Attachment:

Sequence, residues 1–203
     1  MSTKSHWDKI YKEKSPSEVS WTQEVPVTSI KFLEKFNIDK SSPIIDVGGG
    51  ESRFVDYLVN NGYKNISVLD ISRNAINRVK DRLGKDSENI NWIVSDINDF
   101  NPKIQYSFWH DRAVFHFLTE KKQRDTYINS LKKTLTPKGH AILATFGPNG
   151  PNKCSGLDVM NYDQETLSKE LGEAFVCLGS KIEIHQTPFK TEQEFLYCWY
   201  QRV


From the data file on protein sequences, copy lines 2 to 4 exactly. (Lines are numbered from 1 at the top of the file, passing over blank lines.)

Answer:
     1  MSTKSHWDKI YKEKSPSEVS WTQEVPVTSI KFLEKFNIDK SSPIIDVGGG
    51  ESRFVDYLVN NGYKNISVLD ISRNAINRVK DRLGKDSENI NWIVSDINDF
   101  NPKIQYSFWH DRAVFHFLTE KKQRDTYINS LKKTLTPKGH AILATFGPNG